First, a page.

‘Thrown away’: More concerns over SA Museum research plan

After the SA Museum revealed plans to abolish research positions, academics have voiced concern about the institution’s direction  – but the CEO says research investment won’t be cut.

Mar 13, 2024, updated Mar 13, 2024
SA Museum plans to shake-up it research program has prompted warnings from academics and a former director. Photo: Liam Jenkins/InDaily

SA Museum plans to shake-up it research program has prompted warnings from academics and a former director. Photo: Liam Jenkins/InDaily

The museum last month announced plans to abolish all 27 ongoing positions in the Research and Collections Division.

But former director and acclaimed scientist Tim Flannery told InDaily the reforms could “result in the death of an institution – one of the most important institutions in the state”.

The museum proposes to replace the current research positions with 22 new positions focussed on curatorial and collection management.

In a statement previously provided to InDaily, SA Museum CEO Dr David Gaimster said that “[w]e will not reduce our investment in research, but will obtain better outcomes from it, particularly for the public”.

“At the moment we are serving a narrow range of research interests. Going forward, we want to be at the heart of the knowledge economy,” he said.

“The museum remains fully committed to research and the promotion of matters of scientific and historical interest but this must be translatable for the benefit of all South Australians.”

Dr Robert Hill, a former Head of Science at the South Australian Museum, said he agreed with Tim Flannery’s assessment.

“Not very long ago (the SA Museum) could claim to be the strongest research museum in the country. For the sake of petty cash, that’s being thrown away,” Hill told InDaily.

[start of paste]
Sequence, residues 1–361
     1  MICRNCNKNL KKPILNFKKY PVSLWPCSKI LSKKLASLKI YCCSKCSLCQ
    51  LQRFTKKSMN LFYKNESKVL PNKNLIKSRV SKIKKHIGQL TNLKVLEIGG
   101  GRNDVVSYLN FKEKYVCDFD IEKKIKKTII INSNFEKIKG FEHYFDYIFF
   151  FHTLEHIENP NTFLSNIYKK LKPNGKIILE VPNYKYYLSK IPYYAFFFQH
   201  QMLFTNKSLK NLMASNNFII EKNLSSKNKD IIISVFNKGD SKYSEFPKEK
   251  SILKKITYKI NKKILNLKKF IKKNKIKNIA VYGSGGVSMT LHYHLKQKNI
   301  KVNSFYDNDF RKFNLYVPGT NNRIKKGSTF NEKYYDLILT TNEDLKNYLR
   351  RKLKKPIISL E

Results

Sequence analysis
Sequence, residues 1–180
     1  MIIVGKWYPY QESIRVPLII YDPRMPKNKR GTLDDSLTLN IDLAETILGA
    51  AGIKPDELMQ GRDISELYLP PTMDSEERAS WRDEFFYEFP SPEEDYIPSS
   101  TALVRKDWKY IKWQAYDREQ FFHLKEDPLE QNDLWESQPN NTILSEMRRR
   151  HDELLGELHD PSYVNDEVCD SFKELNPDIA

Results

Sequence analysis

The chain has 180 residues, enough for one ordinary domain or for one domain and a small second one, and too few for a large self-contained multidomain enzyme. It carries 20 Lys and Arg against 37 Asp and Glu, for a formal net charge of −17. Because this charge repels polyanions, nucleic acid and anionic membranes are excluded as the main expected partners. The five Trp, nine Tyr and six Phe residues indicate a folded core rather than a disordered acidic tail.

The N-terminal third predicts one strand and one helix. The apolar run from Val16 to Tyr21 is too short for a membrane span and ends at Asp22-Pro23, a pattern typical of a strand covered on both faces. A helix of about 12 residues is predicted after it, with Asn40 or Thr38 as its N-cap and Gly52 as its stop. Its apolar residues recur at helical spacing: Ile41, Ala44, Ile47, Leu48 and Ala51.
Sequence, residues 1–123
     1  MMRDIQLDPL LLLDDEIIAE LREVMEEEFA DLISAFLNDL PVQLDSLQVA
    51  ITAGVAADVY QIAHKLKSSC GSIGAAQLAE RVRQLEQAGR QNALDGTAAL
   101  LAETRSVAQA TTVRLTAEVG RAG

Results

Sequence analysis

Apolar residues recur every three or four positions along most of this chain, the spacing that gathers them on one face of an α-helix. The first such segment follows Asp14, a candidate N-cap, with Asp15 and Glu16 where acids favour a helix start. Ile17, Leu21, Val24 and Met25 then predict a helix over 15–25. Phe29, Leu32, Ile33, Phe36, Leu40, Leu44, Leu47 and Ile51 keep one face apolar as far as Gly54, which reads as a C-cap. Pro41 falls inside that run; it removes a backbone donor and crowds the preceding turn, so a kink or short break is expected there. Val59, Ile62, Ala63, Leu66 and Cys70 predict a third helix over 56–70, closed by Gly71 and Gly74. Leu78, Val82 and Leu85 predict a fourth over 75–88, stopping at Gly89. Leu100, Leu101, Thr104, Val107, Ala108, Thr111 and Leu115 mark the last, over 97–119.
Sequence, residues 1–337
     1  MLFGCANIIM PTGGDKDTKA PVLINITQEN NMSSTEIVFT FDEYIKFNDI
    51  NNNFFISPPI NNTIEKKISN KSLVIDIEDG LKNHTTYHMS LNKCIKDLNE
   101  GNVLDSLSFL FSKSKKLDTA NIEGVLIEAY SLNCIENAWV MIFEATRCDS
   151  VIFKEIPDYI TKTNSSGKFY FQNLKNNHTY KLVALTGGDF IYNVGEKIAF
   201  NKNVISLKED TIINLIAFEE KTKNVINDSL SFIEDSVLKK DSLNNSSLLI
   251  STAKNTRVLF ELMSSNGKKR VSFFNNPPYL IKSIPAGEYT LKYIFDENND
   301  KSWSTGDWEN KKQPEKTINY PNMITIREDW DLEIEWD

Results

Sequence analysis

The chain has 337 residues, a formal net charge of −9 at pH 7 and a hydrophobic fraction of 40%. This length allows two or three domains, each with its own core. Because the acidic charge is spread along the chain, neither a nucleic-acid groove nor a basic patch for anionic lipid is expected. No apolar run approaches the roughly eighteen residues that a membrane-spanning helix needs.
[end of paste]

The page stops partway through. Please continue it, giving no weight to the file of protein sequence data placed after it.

He is currently a professor at the University of Adelaide in the School of Biological Sciences, researching the evolution of Australian vegetation from fossil records, and has published more than 200 journal articles and 35 book chapters.

Hill said research at the museum was being “deliberately downplayed and treated with contempt”.

He cited examples of research carried out at the museum including identifying fish species to work out if they are legal to harvest, mineral exploration, and identifying species at risk of extinction.

“Museums are absolutely primarily placed to be able to tell how many species we have in the first place because there are still a lot of species out there that haven’t been described,” he said.

“You need people who are working on the fairly backbreaking process of going through the very large numbers of specimens that come in and try and get an estimate of just how many species are out there and which of them are genuinely at risk and which aren’t.”

Hill said museums are also important because they are one of the only places where collections can be guaranteed long-term safety because universities are poor at long-term care of collections.

“If we come up with a new species and want to describe it, we need the help of the museum to make sure we do that and record it in the correct fashion,” he said.

Speaking about the importance of museum research, Hill said “right at the moment, we’re going through a period of massive environmental change and it’s going to get a lot worse in the future”.

“If we don’t have a group of really well-trained people who are monitoring what’s going on, who can talk with authority…[then] we’ve lost our ability to protect against what I think will be one of the major challenges for future generations,” he said.